Two weeks ago I experienced the usual level of cognitive dissonance most environmentalists working in Hong Kong get from time-to-time. I spent Thursday at an uplifting conference on green finance organised by the Hong Kong Monetary Authority and the International Capital Market’s Association. Star billing went to the green bonds market, which is starting to really take off with around US$180 billions of issuance, which is around 2% of the value of all bonds issued last year. Hong Kong wants a piece of this – especially the lucrative deals from mainland Chinese banks wanting to raise finance for renewable energy, public transport and green buildings in China and the belt-and-road countries.
Paul Chan the finance secretary and his deputy Joseph Chan both talked about the sweeteners cash-rich Hong Kong government is offering project sponsors. They’re generous, the Government is subsidising the costs of certifying green bonds, as well as issuing up to HK$100 billions of green bonds itself. Other speakers, including the Ma Jun, former chief economist at the Peoples Bank of China, wove together a tale of how Chinese banks were experimenting with techniques to analyse whether the infrastructure they financed was consistent with decarbonising the economy and resilient to climate change.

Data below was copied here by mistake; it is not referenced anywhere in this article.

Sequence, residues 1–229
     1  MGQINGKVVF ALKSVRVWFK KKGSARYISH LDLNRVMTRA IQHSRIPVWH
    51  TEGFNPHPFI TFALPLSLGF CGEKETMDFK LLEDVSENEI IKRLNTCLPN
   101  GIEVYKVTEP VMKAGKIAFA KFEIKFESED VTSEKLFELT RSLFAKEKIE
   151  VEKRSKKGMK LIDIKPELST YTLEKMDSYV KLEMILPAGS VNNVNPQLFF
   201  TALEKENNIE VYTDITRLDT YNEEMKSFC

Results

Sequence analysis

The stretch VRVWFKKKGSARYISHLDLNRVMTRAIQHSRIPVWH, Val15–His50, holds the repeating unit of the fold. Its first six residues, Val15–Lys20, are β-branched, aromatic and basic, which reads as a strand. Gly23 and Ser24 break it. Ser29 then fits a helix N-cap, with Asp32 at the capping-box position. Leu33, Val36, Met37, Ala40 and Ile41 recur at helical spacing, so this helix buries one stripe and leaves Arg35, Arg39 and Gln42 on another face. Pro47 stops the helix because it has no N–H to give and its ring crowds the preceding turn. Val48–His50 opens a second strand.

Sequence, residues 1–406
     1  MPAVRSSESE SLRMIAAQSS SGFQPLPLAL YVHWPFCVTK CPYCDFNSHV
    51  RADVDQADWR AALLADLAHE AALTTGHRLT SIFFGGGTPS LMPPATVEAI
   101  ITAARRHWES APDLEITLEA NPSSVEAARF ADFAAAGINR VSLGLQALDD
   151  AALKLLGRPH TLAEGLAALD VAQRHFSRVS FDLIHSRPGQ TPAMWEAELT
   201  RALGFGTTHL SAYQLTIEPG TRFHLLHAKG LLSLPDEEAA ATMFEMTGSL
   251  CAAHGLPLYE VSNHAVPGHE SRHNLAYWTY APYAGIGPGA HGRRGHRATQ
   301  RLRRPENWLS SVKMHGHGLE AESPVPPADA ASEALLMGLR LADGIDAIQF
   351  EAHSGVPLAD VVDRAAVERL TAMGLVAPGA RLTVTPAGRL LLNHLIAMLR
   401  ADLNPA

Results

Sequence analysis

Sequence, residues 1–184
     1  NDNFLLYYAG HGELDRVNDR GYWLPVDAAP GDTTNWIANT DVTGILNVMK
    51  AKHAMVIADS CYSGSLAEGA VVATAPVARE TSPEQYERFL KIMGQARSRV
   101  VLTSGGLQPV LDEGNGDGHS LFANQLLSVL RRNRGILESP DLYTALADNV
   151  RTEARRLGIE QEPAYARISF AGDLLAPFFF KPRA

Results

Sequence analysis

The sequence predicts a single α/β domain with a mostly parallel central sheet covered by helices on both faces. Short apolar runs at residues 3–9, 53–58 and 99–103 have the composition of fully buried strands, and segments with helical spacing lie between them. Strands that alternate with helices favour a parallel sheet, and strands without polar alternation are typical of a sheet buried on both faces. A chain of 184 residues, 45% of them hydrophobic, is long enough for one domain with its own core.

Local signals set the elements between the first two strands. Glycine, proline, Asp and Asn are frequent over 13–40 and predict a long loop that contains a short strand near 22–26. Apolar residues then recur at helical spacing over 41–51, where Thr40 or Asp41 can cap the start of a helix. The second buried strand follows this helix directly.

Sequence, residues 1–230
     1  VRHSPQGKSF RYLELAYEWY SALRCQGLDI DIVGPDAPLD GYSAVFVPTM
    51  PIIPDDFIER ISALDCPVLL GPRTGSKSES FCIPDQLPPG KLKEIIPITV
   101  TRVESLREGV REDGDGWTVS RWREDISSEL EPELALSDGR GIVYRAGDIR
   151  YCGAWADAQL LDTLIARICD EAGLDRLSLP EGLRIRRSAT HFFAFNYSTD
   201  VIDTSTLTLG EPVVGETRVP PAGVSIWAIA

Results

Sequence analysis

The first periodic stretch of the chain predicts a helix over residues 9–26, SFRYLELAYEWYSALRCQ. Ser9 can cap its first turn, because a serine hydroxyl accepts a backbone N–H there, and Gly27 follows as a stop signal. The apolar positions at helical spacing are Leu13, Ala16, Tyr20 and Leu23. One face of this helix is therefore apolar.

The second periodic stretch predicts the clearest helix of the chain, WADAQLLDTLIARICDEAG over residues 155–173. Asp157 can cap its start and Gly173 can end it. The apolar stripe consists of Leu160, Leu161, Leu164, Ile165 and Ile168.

Sounds like Hong Kong is itching to develop and fund green infrastructure. Well that’s how it seemed till the next day.